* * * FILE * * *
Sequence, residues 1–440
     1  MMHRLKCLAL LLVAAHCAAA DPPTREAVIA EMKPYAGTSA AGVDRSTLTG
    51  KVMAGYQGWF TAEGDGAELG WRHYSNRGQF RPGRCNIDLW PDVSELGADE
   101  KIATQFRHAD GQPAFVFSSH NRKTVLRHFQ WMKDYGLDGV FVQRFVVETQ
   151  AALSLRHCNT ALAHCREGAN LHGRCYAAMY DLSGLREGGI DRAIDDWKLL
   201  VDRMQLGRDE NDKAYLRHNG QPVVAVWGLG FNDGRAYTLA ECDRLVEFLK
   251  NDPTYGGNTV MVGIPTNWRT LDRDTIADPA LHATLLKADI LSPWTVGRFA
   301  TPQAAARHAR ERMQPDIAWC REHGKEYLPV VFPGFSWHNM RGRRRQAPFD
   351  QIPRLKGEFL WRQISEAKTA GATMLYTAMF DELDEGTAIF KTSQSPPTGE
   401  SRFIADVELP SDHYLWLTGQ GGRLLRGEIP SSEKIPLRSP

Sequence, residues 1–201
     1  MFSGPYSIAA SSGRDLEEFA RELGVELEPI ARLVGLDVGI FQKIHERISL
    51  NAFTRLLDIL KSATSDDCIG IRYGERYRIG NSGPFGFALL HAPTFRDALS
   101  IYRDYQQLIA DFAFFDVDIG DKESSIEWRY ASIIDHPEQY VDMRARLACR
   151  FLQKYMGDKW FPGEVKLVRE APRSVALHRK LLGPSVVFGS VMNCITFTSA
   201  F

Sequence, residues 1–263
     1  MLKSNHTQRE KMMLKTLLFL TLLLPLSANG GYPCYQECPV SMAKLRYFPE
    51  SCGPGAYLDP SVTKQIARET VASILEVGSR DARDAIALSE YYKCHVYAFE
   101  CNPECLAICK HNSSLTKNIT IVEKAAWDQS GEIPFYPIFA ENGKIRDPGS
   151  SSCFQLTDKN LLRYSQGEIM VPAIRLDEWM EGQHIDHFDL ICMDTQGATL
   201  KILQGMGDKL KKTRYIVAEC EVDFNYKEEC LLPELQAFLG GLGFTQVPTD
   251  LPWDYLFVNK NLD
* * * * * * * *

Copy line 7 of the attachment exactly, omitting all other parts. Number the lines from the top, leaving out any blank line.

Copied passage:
   251  NDPTYGGNTV MVGIPTNWRT LDRDTIADPA LHATLLKADI LSPWTVGRFA